Humanists Heaven on Earth



Heaven can be defined several ways. Out of the six entries offered by the “American Heritage Dictionary,” there are only two that the humanist would recognize: “1. The sky or universe as seen from the earth; the firmament.” This first definition refers to a physical place other than Earth, so it is not applicable to this discussion. The last definition is the only form of heaven a humanist would recognize and perhaps dream of achieving: “6. A condition or place of great happiness, delight, or pleasure.”

A place of great happiness, can there be such a thing?

Happiness, being a “quality or state,” cannot refer to a place such as Earth. Happiness can, however, be used to describe the state of Earth’s inhabitants, humans included. The United States’ Declaration of Independence recognizes happiness as being an inalienable right, yet happiness was left undefined because the state that evokes the feeling humans call happiness will differ from one individual to the next, it being purely subjective.

Since a particular condition cannot be created on Earth that would make ALL its inhabitants happy, it must be true that each human is responsible for his or her own happiness. That means that each individual must figure out just what happiness means to them and pursue it wholeheartedly. Finding happiness might mean adopting a particular worldview or religion, earning enough money to live a certain lifestyle, or relying solely on the Earth for one’s subsistence.

Those who do embrace a particular worldview or religion and find happiness there should be congratulated. Of course, if they do find happiness there they may be inclined to share their beliefs with others so that they too might find happiness. There is nothing wrong with this. Things go terribly wrong, however, when people attempt to force their beliefs on others. That is what is so great about the United States. You are free to practice any religion you wish. You are free to hold any worldview that you desire, whether it brings happiness or not.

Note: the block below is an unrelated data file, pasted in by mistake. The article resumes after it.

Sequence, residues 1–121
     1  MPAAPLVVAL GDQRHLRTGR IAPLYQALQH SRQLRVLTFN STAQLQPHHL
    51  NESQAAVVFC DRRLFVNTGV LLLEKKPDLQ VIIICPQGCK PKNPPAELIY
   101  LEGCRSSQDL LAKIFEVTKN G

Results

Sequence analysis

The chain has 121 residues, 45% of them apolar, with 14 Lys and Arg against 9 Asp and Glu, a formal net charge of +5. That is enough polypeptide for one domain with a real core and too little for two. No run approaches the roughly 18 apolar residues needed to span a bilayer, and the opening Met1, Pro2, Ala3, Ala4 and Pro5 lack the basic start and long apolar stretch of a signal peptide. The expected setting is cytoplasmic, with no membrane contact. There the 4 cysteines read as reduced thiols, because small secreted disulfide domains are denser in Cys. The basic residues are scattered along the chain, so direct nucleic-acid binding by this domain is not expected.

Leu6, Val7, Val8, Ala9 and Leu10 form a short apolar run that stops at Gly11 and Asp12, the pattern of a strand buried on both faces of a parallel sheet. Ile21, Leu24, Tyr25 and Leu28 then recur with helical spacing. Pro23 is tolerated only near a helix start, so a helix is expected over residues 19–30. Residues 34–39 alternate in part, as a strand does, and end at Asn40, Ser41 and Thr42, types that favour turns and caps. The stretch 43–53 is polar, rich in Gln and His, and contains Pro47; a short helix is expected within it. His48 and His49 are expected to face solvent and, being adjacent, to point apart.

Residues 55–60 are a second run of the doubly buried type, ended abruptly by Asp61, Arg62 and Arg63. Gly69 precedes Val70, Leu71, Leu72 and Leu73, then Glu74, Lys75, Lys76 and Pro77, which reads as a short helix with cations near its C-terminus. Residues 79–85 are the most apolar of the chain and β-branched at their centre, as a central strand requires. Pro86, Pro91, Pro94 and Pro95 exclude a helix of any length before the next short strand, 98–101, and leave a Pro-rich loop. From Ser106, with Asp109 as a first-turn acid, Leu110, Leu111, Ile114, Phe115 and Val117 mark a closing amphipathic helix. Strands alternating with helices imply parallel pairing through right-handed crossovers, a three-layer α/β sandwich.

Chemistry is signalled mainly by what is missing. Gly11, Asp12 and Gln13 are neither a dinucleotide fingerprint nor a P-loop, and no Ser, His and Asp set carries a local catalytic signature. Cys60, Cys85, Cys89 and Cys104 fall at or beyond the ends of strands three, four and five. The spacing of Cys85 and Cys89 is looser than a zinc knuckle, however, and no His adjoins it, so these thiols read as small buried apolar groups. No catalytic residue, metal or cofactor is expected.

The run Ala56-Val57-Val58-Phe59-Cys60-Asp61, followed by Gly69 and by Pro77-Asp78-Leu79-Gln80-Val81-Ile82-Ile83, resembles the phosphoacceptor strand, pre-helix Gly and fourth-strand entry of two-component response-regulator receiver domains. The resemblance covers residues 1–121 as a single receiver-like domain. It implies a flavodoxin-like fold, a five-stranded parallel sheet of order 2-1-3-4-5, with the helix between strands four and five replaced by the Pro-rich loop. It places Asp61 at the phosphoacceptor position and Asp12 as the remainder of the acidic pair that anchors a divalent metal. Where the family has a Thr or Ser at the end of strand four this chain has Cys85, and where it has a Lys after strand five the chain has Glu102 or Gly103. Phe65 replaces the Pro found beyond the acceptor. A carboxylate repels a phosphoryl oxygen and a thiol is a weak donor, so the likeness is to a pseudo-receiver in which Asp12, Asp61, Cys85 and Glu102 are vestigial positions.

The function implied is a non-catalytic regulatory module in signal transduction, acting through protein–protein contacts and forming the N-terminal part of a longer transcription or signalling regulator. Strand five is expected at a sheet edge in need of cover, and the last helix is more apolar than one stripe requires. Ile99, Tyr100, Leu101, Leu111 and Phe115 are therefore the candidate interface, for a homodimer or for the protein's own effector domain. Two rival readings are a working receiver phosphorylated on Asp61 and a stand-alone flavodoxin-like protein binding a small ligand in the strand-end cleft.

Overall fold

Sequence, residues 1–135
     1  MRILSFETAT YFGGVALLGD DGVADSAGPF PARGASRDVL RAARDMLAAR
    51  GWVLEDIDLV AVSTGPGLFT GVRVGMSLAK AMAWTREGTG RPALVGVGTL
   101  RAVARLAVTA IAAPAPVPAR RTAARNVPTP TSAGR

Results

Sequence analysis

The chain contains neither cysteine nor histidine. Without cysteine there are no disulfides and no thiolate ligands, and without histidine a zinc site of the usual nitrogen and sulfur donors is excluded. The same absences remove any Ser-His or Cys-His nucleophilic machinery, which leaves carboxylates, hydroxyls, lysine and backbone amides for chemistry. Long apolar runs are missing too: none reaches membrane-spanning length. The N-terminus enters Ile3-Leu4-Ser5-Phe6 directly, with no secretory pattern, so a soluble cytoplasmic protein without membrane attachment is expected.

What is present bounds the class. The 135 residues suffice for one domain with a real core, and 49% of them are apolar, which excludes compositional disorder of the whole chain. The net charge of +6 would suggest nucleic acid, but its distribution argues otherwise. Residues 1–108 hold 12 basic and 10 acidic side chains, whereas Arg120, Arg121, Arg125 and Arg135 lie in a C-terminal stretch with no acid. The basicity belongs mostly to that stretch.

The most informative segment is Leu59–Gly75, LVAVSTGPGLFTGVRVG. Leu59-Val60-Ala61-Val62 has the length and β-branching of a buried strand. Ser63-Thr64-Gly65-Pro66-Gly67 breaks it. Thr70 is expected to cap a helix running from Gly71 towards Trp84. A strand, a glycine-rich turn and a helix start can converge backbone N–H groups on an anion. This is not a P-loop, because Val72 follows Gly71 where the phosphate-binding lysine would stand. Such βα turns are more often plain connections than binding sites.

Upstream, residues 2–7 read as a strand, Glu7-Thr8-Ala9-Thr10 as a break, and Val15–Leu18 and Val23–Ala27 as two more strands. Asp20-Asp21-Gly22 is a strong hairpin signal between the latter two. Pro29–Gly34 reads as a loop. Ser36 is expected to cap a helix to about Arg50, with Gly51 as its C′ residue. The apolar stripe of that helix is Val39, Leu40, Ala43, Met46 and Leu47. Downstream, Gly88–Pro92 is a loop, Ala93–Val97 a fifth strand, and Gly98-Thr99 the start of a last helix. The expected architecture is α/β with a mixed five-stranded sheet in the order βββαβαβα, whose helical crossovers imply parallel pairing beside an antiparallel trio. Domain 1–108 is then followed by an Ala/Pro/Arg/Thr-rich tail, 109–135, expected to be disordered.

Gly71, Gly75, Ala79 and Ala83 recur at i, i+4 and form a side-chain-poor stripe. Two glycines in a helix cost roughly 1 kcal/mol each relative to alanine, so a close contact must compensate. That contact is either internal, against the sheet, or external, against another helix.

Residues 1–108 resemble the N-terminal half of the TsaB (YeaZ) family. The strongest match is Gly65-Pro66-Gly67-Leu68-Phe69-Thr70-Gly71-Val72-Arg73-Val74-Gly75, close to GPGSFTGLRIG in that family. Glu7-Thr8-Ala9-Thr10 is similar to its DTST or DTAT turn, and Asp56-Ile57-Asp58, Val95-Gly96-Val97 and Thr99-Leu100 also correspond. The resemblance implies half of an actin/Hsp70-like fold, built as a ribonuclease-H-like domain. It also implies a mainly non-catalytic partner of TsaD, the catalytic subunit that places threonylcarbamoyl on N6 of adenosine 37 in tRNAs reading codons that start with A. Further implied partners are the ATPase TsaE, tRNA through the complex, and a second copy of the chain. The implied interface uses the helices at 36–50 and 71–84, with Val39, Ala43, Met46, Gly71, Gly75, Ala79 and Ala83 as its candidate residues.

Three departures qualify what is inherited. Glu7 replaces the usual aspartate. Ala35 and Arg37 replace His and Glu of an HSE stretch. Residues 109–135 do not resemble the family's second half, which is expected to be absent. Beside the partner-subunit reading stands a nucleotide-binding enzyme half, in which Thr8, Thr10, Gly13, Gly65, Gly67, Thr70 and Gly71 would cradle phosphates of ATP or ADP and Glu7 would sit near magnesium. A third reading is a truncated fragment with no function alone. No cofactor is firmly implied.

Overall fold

There are many things that happen on our Earth that are absolutely horrific. Must all of this horror be stopped in order for humans to achieve individual happiness? No. There are many people who claim to have found happiness, if only temporarily, in spite of the horror. How can we expect to be happy knowing of such horror? The answer lies in how we as individuals process information.

Religions offer ways of thinking that help some people find happiness in spite of such horror.

Man is pretty clever to have created religion to aid in his happiness. This is an outsider’s point of view, of course, as the efficacy of religion relies on its adherents’ faith in God and its particular scripture. It is not necessary to adopt a religion to find happiness, but it is one method of seeking happiness.

For most people happiness is not a continuous state of being.

Most humans experience a range of emotions and states of being. We can’t expect to be happy 100 percent of the time. Happiness is achieved, presumably, when it becomes one’s predominant state. Because all human beings will never achieve this state simultaneously, indeed some never will at all, “Heaven on Earth” will never be achieved. If a fail-safe answer to happiness existed, what would be left for humans to ponder? But we CAN achieve a heaven-like state in our minds. Not there yet? Keep seeking; someday you may find the answer to your happiness.

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